Aspheric lenses provide visual and cosmetic benefits for stronger prescriptions. Unlike spherical lenses aspheric lenses flatten progressively from the center to the edge. This results in enhanced overall vision reduced thickness and decreased peripheral visual distortion. When used for high farsighted prescriptions they make eyes look more natural instead of magnifying them into “bug eyes.” Those with strong nearsighted prescriptions benefit from thinner lightweight lenses. Aspheric lenses can be ordered in high index materials for the ultimate in attractive thin lenses. ASPHERIC
These lenses are one of the most impact-resistant materials available and they naturally filter out UV light. When vision has been significantly impaired in one eye polycarbonate is used to better protect the good eye from impact damage. These lenses are the optimal choice for children industrial safety and sports glasses. Polycarbonate lenses are considered a high index material as they are thinner than CR-39. Polycarbonate lenses should always have scratch-resistant coating on both the front and back surfaces to protect its surface and prolong the life of the lens.
Trivex™ is a new performance lens material that combines superior optics impact resistance and lightness. Because of their strength Trivex™ lenses can be ground thinner resulting in cosmetic benefits and greater comfort. These are great for rimless frames because they don’t distort or break at drillholes and they give an excellent jewel-like appearance to edges that are polished. They are a good choice for high-performance safety eyewear for both children and adults who are highly active. The excellent impact resistance makes Trivex an a possible alternative to polycarbonate. In its uncoated form it is easier to tint and lighter in weight than polycarbonate.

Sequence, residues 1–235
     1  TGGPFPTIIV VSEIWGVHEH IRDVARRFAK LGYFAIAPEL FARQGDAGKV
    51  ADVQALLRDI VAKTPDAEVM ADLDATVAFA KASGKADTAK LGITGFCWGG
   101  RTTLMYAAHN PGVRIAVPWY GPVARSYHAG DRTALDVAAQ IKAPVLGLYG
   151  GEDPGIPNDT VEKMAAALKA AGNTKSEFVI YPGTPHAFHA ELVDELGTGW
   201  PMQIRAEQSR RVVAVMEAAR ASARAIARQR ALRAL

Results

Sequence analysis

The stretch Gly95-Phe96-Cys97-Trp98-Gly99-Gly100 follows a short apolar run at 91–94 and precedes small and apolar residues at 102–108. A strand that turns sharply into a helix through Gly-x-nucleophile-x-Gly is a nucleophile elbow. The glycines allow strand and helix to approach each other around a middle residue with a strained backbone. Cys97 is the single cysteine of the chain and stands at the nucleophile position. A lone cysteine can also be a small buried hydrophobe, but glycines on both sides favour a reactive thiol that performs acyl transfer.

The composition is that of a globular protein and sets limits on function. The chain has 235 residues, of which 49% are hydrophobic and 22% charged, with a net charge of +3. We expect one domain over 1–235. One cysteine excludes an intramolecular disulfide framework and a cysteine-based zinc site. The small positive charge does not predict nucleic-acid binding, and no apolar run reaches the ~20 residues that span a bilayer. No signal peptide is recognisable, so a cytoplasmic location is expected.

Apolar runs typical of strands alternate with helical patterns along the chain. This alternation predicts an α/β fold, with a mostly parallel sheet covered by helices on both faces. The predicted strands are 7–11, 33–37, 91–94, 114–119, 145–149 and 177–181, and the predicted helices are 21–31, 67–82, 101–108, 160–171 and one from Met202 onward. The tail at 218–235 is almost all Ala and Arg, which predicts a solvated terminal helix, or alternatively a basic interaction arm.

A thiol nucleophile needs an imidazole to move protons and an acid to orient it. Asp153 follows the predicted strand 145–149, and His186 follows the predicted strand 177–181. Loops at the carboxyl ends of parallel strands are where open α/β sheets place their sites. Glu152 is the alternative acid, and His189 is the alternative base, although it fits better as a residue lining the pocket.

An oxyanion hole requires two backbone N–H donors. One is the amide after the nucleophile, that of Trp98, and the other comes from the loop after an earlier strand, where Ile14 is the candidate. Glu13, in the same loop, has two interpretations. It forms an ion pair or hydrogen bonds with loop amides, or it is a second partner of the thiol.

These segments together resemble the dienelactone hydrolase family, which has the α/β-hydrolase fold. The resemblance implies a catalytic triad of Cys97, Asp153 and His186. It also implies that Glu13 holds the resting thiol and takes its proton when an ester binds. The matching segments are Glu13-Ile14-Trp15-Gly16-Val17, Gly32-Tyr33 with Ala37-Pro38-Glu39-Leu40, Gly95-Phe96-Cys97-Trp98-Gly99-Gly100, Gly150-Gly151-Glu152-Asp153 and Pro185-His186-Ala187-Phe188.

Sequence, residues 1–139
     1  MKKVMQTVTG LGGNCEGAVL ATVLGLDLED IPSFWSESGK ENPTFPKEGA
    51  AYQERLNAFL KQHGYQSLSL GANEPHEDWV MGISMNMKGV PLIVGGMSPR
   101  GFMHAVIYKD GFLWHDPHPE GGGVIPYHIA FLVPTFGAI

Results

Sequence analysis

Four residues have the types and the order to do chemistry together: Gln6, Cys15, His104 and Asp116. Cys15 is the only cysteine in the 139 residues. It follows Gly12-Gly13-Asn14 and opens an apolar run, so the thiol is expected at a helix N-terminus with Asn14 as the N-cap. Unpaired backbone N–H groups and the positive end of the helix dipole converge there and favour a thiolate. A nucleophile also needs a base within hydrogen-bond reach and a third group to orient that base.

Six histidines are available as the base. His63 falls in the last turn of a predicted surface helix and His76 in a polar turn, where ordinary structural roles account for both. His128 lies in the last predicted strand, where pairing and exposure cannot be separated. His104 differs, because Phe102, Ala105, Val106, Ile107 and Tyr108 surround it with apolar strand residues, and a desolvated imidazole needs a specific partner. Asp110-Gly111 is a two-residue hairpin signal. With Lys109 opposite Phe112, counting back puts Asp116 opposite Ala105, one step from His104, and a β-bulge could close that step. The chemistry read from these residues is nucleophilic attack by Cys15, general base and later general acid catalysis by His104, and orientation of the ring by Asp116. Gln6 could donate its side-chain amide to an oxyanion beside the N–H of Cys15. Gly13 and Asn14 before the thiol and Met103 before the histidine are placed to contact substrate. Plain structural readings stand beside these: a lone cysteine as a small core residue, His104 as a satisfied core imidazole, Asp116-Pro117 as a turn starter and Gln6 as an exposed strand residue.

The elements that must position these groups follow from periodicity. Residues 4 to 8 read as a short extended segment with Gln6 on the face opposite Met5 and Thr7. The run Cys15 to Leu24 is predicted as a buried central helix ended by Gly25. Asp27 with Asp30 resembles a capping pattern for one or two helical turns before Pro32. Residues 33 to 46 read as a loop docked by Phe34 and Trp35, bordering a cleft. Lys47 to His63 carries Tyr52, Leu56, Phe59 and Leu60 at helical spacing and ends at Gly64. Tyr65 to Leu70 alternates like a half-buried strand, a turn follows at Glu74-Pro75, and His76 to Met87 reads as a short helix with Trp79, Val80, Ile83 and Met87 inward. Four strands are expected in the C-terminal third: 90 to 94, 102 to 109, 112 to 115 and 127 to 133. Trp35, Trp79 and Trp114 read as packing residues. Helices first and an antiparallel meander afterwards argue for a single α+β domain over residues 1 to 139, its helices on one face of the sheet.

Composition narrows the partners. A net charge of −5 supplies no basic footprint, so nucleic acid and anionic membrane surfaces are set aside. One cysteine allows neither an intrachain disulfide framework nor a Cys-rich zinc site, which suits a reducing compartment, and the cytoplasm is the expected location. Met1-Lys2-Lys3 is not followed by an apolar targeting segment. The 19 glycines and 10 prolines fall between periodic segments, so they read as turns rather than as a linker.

Single Vision These are all-purpose lenses for people who have normal accommodation. They offer correction for myopia hyperopia and astigmatism. Persons who normally wear bifocals or trifocals can use single vision for distance or near glasses. Single vision lenses can also function as occupational glasses for certain types of work (e.g. computer knitting). Single vision lenses can be ordered in all materials.
Straight Top Bifocals Bifocals incorporate two different points of focus usually one for near and the other for distance correction. These lenses are often prescribed for people over 40 with presbyopia The majority of the lens provides distance viewing while the bottom of the lens provides for near vision. Straight top lenses called that because of the line separating distance and near zones are the most commonly prescribed bifocals. The bifocal portion of the lens can be made in a variety of widths depending on the wearer’s near vision requirements. Those with presbyopia sometimes prefer progressive lenses since they do not have any visible lines and thus don’t reveal the patient’s age.